This series consists of talks in the areas of Particle Physics, High Energy Physics & Quantum Field Theory.
The High-Energy community is only now in the process of fully appreciating the opportunities the LHC provides by producing electroweak-scale resonances beyond threshold. On the one hand this is reflected by changing from the so-called 'kappa framework’ to effective operators and on the other hand by studying Higgs and gauge boson production in processes with large momentum transfer. Accessing more exclusive phase space regions will allow to either discover New Physics or improve Higgs-boson couplings measurements.
I explain the hierarchy problem of the standard model of particle physics, and discuss some of the ideas which have been put forward to resolve it. I then show that a specific class of theories, built around a framework known as neutral naturalness, can help address this problem while remaining consistent with all current experimental tests. I explain that while certain theories in this class give rise to striking signals, others are extremely difficult to test, and require a detailed study of the properties of the Higgs boson.
Light sterile neutrinos are predicted in many theories beyond the Standard Model and may be hinted at in short-baseline data. However cosmological data seems to rule out these neutrinos. Intriguingly, this tension is ameliorated when these new neutrinos are self-interacting. I will explore the impact of this self-interaction on their evolution in the early universe and on the spectrum and flavor of IceCube's ultrahigh energy neutrinos.
The venerable proton continues to play a central role in fundamental particle physics. Neutrinos scatter from protons in neutrino oscillation experiments, Weakly Interacting Massive Particles (WIMPs) are expected to scatter from protons in dark matter searches, and electrons or muons are bound by protons in precision atomic spectroscopy.
I will discuss the recent LHC excess in the di-photon distribution at an invariant mass of 750 GeV. Various explanations in terms of weakly coupled and strongly coupled physics will be presented. Possible connection with Dark Matter will also be discussed.
Understanding the microscopic nature of dark matter (DM) is one of the most outstanding problems facing modern physics. There is to-date no evidence for non-gravitational interactions of DM with the rest of the Standard Model and also no hint for any particular DM mass. My talk with focus on new techniques to search for GeV-TeV scale weakly-interacting DM by looking for DM annihilating in the cosmos into cosmic rays such as gamma-rays and neutrinos.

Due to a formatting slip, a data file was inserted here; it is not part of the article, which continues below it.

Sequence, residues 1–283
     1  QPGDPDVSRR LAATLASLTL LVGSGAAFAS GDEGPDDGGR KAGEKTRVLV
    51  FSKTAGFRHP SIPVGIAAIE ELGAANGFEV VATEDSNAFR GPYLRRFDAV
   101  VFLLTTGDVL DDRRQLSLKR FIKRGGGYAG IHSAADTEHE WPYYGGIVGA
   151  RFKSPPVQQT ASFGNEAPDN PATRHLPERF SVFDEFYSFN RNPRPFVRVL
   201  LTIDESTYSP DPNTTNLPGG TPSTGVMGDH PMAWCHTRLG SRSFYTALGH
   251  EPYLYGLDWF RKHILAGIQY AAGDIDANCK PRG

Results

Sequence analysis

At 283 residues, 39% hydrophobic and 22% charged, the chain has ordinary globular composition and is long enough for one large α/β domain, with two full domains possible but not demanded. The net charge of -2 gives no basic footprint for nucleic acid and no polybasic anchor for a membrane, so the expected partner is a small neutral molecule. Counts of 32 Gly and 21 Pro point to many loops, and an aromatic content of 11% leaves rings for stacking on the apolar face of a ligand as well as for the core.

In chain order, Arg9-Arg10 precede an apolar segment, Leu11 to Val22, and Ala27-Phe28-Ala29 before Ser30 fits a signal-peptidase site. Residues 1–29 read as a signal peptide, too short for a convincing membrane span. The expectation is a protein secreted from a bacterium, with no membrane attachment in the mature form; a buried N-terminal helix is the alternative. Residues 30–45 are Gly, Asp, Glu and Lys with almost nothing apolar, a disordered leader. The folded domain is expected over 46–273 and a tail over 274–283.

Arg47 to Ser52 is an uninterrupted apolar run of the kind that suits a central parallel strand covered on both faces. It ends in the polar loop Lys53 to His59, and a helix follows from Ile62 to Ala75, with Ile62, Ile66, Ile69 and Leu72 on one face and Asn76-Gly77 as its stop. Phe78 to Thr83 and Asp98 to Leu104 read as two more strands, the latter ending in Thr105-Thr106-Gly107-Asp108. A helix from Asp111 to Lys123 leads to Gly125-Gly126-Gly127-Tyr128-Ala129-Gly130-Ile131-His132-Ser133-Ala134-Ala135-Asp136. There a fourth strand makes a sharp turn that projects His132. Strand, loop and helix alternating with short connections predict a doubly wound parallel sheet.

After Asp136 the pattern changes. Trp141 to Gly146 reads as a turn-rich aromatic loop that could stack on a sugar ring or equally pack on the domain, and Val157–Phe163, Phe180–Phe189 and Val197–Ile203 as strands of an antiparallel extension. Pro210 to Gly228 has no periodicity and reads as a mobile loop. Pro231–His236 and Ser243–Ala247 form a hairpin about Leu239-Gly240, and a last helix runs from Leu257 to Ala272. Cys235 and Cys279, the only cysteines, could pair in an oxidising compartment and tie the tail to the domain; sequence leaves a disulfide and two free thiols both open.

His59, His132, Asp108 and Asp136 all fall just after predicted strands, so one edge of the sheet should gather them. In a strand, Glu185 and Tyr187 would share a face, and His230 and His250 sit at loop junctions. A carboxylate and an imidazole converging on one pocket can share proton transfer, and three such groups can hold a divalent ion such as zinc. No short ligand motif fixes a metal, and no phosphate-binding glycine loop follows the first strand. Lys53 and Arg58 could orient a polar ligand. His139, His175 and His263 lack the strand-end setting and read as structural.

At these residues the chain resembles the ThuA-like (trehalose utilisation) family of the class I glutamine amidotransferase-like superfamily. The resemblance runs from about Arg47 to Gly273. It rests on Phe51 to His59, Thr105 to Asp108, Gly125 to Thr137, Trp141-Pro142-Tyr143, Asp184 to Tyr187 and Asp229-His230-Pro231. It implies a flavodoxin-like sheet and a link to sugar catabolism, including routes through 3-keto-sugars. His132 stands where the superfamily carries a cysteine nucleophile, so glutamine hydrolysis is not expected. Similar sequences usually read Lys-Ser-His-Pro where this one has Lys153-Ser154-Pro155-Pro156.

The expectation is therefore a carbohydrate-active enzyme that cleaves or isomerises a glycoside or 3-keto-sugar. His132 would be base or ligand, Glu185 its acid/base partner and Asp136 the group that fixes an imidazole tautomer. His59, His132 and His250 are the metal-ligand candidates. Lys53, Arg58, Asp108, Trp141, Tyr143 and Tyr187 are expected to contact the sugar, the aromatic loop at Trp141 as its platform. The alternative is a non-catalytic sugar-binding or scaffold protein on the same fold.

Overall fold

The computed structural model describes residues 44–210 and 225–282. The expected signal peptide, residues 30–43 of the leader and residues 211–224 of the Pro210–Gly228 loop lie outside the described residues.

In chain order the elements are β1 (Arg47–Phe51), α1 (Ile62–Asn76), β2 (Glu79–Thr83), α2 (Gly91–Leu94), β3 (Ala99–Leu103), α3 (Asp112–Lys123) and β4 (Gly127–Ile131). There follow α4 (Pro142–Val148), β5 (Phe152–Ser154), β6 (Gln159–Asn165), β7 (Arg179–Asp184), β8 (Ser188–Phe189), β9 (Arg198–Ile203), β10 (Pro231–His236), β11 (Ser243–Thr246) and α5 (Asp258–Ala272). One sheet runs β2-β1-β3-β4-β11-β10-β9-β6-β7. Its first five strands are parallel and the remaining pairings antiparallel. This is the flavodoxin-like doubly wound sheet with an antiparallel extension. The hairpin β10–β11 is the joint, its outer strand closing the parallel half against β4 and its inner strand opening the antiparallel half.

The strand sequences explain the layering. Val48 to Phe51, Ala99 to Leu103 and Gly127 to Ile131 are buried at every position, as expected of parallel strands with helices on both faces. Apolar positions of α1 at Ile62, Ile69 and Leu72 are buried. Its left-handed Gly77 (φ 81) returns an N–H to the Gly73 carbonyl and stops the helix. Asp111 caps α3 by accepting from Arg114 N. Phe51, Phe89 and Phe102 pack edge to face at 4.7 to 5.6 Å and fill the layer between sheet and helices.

I will demonstrate that SL(2,Z) duality is a property of all low-energy effective Abelian theories with electric or magnetic charges The duality will be verified at one loop by comparing the amplitudes in the case of an electron and the dyon that is its SL(2,Z) image, and I will show that it can be extended order by order in perturbation theory. I will discuss how the duality generically breaks down at high energies, and show how the results apply to the Seiberg-Witten theory.
In this talk, I discuss several application of semileptonic B-meson form factors. Topics include the determination of $|V_{ub}|$ and $|V_{cb}|$, hints for new physics in semitauonic decays, and Standard-Model predictions for flavor-changing-neutral-current processes: $B\to P\nu\bar{\nu}$ and $B\to P\ell^+\ell^-$, where $P$ denotes a pion or kaon.
I will also cover some details of the underlying lattice-QCD calculations at a nontechnical level.
The Weak Gravity Conjecture (WGC), in its original form, says that given an abelian gauge theory there should be at least one charged particle whose charge is bigger than its mass in Planck units. This has surprisingly powerful implications for the possibility of large-field inflation. In this talk I will explore some of the arguments linking the WGC to inflation before taking a closer look at a different question: which version of the WGC should we be trying to prove?